“Why New York and Paris?” journalist and photographer Frank Van Riper asks. “New York is simple: It’s what I am. I was born in Manhattan and grew up in the Bronx, just blocks from Yankee Stadium. New York is in my blood, along with egg creams, the Daily News, the subway pastrami, and cannoli. Paris came more slowly, after my friends Neil and Carol Offen moved to France in 1976 for what would be a nine-year stay, first in Paris and then in Provence, after which they wrote an amazing (though sadly unpublished) book about France and the French of their day. My frequent visits to these New York-born Francophiles helped form my appreciation – and ultimately my love – of Paris.”
The photos in this tome illustrate this love. They also lead to images that exist in my own memory of these two cities. The fact that they are all in black and white certainly contributes to the feelings of nostalgia that come over me when spending time with these heart-warming images. The fact that they were taken before “B.I.”, as Van Riper calls it, before the internet, that is, means that they bear testimony to people, places and things actually observed. Or differently put: “If you wanted to experience something back then, you had to be there. You went to the ballpark, the theater, the concert, the reading, the lecture.” And, the photos in this book convey this presence.
The photos come without elaborate captions but they come with stories, stories that conjure up images, and very touching ones at that. Frank Van Riper’s visit to a Parisian dental office, for instance – the above mentioned Carol Offen had a dentist’s appointment and simply took him along – where “the floral walls were hung with dozens of signed framed photos from prominent clients in show business and sports. Memory fails, so it’s possible that that was not a grateful Charles Aznavour hanging on the wall. But it was clear that Dr. Huth and Madame Huth, his wife and partner, were dentists to the stars.”
Although we know that the only permanent thing is change, there are clearly things that are more stubborn than others and refuse to easily give in. Attitudes, for instance.” … among many Parisians a formality – even a sometimes smug aloofness – that escapes most New Yorkers. An air of strictly formal courtesy that hinders casual friendship, much less intimacy.” This, I think, is also due to the fact that the French language is much more formal than English.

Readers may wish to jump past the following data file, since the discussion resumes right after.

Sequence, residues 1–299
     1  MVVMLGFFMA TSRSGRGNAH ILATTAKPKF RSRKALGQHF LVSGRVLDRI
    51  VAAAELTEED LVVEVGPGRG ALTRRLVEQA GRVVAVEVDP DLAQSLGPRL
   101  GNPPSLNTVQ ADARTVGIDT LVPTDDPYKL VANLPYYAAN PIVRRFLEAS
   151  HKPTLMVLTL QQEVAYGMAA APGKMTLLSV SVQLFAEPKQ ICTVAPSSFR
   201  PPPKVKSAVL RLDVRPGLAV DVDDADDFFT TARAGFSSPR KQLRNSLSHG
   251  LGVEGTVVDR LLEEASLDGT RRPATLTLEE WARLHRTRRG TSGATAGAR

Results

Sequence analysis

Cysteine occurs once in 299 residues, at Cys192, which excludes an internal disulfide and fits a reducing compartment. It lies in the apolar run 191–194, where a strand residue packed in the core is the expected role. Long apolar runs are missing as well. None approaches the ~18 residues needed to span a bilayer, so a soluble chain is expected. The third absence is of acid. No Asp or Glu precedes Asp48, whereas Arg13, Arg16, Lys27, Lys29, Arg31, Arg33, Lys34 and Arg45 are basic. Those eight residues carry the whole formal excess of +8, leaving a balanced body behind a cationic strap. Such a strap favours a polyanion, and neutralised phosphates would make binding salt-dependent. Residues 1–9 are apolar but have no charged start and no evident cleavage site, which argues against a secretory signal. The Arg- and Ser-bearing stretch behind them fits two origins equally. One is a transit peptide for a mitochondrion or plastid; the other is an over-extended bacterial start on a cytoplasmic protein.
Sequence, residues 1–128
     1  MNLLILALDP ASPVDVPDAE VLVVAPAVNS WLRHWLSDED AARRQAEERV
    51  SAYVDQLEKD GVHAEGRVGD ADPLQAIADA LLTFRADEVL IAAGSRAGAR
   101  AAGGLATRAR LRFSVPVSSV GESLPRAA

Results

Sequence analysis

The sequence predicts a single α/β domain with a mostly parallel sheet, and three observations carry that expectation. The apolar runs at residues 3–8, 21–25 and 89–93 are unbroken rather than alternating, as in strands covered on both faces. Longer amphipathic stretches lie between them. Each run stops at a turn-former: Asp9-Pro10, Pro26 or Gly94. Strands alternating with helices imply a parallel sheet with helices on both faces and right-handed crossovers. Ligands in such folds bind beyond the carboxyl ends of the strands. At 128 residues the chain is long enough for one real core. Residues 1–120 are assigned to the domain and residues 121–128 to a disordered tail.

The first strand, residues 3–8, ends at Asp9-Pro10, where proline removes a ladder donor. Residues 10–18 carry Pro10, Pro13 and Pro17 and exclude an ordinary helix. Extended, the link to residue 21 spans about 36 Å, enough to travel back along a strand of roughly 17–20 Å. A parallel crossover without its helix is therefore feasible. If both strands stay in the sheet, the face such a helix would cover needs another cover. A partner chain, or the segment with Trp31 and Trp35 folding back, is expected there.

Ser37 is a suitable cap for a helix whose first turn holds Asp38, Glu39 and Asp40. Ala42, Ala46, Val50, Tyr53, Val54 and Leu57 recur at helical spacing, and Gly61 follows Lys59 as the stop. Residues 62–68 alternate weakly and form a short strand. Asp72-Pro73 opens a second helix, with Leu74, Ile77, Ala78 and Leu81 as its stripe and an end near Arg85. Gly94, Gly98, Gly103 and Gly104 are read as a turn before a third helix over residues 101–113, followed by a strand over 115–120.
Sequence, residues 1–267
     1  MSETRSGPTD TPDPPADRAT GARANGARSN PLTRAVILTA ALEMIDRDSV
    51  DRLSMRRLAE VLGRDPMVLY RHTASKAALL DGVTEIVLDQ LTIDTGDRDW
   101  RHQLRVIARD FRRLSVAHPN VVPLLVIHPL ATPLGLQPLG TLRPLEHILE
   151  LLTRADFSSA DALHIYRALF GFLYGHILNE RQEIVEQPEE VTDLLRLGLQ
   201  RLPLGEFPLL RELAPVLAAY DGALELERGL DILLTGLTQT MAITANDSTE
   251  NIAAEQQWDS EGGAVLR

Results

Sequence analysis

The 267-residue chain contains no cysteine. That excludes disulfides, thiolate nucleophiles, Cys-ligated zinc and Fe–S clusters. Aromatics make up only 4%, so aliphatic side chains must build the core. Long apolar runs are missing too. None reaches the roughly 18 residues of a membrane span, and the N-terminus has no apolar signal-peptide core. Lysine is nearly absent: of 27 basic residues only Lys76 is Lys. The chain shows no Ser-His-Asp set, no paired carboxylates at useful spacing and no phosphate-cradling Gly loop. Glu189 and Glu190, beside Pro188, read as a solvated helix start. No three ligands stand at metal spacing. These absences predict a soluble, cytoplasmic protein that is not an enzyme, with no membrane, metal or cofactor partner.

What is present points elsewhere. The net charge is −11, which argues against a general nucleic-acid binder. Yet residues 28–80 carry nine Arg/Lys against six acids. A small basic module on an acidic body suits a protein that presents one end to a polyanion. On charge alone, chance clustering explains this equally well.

Frank Van Riper reminisces about the Champs-Élysées of the Bronx, bicycles and baseball, the Tunisian pastries at the Marché aux Enfants Rouges and the Little Italy that still had wise guys. And, he also recalls his first impressions – the magical light and the intelligence gathering (he mentions the amazing literacy of French presidents and the PhD of Woodrow Wilson as well as the Yale educated George H.W. Bush but fails to mention George W. Bush, who, despite being Yale and Harvard educated, probably nobody would consider an intellectual) that, in my view, seems to have rather unduly impressed him.
I thought this book “très sympa” (in the sense of lovable, heart-warming), it is the kind of book only a lover of these two cities can write. And, the photographs fill you with remembrances of things past. Moreover, Frank Van Riper doesn’t forget what words and pictures cannot convey – smells and aromas. “Just as the Bronx and Manhattan of my youth conjure the smell of great pastrami, so too does the heavenly aroma of fresh-baked baguettes bring me back to Paris.” Should you however decide not to go native, food-wise, that is, you can still opt, like Van Riper once did in the early 80s, for McDonalds (Paris’ first). “What the hell, I said to myself. The Big Mac was OK, but the French Fries were glorious.”
Recovered Memory is a truly great book!
Recovered Memory: New York & Paris 1960-1980
by Frank Van Riper
Foreword by Martin Walker
Daylight Books 2018
Also published on Medium.